Resilience as a SOLUTION to Reduce Readmissions?

Let’s go back to what we’ve established:

*There are new CMS expectations on readmission rates, and financial penalties will drop on hospitals if they don’t reduce readmissions.

*Drug Abusers tend to go back to the Hospital after another bout of overdose, or serious drug reaction, thereby increasing hospital readmission rates.

*CMS believes a strong Discharge Plan should reduce readmissions.

*CMS has not assigned concrete ownership to the driver of the Discharge Planning process.

*Social Workers and Nursing clash over which skill set should drive discharge planning. This infighting could be a symptom of larger issues including, but not limited to, leadership management problems, unclear mission/vision/values, performance issues, poor morale, and/or lack of trust among colleagues.

*This is a small problem that could become a disaster if hospitals do not address and remedy readmission rates, especially those of drug abusers.

According to organizational theorists Sutcliffe and Vogus, “resilience refers to the maintenance of positive adjustment under challenging conditions.” Indeed, resilience refers to organizations that can improve despite stress and strain. It’s also about organizations’ abilities to use internal resources successfully.

It’s inevitable that CMS will financially penalize hospitals that don’t meet the challenge of providing best care at lower cost; that don’t reduce readmissions through better discharge planning. These financial penalties will hit hard causing perhaps a financial crisis in hospitals that have drug abusers’ readmissions.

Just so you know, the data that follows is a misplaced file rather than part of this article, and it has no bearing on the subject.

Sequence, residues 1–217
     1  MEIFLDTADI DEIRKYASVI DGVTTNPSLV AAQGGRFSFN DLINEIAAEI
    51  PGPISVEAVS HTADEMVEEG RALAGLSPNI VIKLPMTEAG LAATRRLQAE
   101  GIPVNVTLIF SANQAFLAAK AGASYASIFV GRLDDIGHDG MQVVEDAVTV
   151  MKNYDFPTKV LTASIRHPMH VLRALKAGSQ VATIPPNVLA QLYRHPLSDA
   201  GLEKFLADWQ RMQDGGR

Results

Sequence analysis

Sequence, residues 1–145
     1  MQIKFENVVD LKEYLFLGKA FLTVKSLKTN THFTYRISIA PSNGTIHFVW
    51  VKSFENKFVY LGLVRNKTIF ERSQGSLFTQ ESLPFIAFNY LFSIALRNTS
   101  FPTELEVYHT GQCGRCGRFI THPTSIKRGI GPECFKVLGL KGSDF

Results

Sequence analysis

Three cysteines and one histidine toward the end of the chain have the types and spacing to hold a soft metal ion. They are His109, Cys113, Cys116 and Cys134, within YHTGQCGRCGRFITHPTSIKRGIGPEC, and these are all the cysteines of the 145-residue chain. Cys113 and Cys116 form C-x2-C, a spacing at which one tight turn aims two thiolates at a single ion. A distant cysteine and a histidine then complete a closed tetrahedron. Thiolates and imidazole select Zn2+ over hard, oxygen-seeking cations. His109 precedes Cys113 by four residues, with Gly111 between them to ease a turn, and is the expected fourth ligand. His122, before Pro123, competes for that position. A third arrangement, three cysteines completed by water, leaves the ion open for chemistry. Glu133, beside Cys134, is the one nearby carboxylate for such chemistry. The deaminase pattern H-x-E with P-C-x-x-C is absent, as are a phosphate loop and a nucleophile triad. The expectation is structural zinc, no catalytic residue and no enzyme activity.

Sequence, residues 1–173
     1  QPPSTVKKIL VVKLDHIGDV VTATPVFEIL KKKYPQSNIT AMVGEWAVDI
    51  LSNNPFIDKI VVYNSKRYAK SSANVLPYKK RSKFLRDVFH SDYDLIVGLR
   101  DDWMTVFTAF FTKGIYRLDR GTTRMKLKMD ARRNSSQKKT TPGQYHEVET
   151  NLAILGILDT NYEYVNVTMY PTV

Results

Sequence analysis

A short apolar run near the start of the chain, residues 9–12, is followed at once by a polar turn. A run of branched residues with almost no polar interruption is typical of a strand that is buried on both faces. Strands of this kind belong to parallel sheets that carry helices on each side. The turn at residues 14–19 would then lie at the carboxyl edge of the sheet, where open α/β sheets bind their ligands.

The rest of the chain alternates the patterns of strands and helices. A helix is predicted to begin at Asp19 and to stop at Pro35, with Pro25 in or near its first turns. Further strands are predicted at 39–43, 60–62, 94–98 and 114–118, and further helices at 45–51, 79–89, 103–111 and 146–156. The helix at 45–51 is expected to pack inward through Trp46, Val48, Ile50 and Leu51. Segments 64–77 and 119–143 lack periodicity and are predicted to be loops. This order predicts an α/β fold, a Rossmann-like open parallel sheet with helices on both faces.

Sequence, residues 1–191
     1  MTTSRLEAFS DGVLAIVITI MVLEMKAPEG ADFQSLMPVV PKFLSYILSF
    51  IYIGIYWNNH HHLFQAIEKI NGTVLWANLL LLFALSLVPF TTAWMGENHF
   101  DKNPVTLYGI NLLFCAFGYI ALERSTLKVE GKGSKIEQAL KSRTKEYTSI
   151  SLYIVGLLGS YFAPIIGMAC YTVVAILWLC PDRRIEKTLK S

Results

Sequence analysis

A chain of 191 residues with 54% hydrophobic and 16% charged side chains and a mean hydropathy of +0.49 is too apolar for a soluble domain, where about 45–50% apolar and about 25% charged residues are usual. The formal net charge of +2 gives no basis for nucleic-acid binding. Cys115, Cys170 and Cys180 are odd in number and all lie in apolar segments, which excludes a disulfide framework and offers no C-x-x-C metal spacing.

How can hospitals prepare to successfully, and with sustainability, reduce readmissions, and that of drug abusers, in particular? Better discharge planning, with nursing as the driver, could work if the organization has addressed the culture clash between nursing and social work in the discharge planning process.

Use a few of the resiliency factors that have proven successful for other organizations that have experienced crises. Even in a potential crisis situation, these factors are powerful to mitigate a crisis.

*Establish and maintain strong values, mission, vision- that this is all about patient safety, not money.

*Use internal resources effectively: put nursing in charge of this project, with development, implementation and primary oversight of social workers.

*Establish a redundancy system: With nursing as the primary driver of discharge planning, work alongside with social workers so that this skill set can fill in as the substitute driver if this task needs to carried out if the nurse is absent. This adaptability will bode well in the long run for the hospital.

*Establish a learning, non-punitive culture, emphasized by top management, that will serve to meet difficulties associated with potential crises.

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